They put me in the wrong room for my latest appointment with the nurse practitioner at the pain center. I couldn't resist this photo. Do you see that book? Did youknow there was a Textbook of Pain?
Hopefully, all the medical team there have studied these books well and are applying them to me.
I do feel much better. My pain is at a manageable level.
My weight is up. 192 as of this morning.
My numbers are up. 165 fasting reading this morning. I see my Internal Medicine doctor on Friday. Will she suggest Lantus? Should I?

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Wednesday, August 15, 2007

Grand Detour

Just south of where we live, in Brooks, Oregon, is Antique Powerland. It is indeed a great place, with all sorts of farm equipment, motors, trucks, and railway stuff-I'm sure there is a much more respectful term, but it escapes me at the moment. Two weekends a year-the last weekend in July and the first weekend in August-they have the annual Great Oregon Steam Up.

With apologies to farm equipment, motor, tractor, railroad, and all the other fill-in-the-blank enthusiasts, let me state, that if one is not farm equipment, motor, tractor, railroad, and all the other fill-in-the-blank enthusiast, this event could be pretty boring. Oh, logging equipment. I forgot logging equipment enthusiast. It is impressive. There are many beautiful examples of this 19th & 20th century technology. The shopping opportunities were ... limited, but pleasant.

There are not enough benches. There is lots of walking.

In my family, I am surrounded by folks who really do appreciate a fine machine and the wonders of mechanical thinking. So I go to these things. We walked. I sat when I could. My feet hurt. We did not overspend. It was hot. We did not overeat. Dr. Parts took lots (and lots) of photos & videos. We only got a little sunburned. The little dog did not bite anyone. She only had one illicit food opportunity.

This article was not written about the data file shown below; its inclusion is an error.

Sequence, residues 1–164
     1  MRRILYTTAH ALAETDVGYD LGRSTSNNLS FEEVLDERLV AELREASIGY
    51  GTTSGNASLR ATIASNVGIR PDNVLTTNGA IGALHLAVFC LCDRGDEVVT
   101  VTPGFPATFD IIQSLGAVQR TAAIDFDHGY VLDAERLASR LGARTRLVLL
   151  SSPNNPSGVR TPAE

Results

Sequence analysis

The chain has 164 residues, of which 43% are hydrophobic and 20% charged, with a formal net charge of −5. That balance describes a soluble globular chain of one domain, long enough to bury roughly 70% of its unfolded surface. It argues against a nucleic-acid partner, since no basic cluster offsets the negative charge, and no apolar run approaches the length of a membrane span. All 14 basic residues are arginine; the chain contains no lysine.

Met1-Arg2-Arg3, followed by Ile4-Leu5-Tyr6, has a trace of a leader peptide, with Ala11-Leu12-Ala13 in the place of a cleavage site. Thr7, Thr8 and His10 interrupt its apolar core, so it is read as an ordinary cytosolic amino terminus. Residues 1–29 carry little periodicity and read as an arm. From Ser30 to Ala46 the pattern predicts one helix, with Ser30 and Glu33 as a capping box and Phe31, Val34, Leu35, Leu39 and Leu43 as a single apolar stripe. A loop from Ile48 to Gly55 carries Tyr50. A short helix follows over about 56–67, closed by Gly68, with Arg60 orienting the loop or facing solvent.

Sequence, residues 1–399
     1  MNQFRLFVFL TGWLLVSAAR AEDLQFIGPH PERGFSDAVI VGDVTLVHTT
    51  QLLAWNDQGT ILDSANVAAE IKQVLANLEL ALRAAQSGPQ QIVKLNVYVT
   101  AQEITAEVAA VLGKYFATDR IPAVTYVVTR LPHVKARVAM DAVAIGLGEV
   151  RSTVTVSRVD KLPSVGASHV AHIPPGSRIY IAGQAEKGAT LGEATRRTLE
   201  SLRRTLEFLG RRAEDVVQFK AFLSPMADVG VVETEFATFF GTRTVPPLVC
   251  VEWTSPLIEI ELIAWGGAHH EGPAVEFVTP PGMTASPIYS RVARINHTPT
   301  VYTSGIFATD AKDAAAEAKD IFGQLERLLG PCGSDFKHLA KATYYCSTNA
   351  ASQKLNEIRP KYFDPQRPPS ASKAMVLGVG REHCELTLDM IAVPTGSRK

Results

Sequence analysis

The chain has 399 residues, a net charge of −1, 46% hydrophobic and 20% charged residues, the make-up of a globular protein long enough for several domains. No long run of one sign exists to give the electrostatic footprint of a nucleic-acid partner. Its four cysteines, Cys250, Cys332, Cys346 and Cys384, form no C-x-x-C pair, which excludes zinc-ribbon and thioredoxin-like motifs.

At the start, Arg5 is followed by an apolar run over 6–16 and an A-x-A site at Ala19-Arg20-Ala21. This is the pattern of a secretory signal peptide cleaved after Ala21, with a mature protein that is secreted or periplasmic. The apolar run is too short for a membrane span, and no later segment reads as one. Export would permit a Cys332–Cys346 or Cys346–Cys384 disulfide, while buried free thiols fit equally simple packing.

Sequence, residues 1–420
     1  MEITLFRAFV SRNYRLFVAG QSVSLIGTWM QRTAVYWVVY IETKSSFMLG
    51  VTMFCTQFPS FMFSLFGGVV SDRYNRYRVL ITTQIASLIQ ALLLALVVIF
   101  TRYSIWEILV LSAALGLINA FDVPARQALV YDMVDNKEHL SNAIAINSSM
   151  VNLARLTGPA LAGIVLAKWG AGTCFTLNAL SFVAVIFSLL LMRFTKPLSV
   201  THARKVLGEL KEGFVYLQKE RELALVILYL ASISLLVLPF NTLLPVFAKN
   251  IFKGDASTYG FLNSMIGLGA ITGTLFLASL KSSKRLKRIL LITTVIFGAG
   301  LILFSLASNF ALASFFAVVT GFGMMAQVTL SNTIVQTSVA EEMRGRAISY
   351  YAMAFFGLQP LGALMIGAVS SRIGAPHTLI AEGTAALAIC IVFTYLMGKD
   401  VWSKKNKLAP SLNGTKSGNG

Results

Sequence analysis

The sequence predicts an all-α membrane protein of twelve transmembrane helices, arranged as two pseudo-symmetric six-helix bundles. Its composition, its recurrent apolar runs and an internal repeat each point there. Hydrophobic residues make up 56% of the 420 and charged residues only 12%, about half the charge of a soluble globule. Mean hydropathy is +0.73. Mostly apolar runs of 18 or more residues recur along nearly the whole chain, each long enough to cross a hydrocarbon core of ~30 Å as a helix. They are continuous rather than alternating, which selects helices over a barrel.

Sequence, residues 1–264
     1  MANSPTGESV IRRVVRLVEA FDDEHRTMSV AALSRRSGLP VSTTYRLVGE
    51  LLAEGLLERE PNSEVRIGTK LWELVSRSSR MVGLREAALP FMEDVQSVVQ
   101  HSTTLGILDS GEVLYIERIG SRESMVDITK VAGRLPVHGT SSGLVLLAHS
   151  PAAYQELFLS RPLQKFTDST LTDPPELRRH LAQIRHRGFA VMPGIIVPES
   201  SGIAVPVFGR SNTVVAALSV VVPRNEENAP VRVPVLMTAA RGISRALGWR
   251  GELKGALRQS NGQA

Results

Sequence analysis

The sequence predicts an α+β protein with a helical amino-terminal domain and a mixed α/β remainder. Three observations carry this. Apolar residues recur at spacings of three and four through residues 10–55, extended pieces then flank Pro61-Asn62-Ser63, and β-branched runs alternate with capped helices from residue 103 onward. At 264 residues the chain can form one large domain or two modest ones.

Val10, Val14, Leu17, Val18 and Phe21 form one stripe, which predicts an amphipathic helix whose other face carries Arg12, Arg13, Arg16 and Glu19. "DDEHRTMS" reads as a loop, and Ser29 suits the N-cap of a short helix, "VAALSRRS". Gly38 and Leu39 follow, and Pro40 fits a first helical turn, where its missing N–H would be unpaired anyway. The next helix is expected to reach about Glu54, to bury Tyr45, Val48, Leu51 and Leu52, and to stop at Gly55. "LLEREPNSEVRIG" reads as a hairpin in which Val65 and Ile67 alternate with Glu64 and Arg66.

How does this relate to diabetes? Does it relate to diabetes?

These machines, as I walk among them, show the loss of physical exercise that has contributed to the current epidemic of obesity among north americans. They show the development of technology that is part of the ancestry of the technology that we use in day to day modern life. The improvements that make the tractors safer, now make my car safer. The food on my table is plentiful, due to the efficiency of food production, harvesting, refrigeration and transportation.
And my magical little meter, that give me my numbers. How could I live without that?

My photo is of one example a display of painted tractor seats. (can't get photo to load-curses) They were ornate and beautiful. Similar purpose: to hold up the farmer, hopefully with a minimum amount of discomfort, as he worked. Variations in shape and size, in placement of logos, etc. All the same, all different.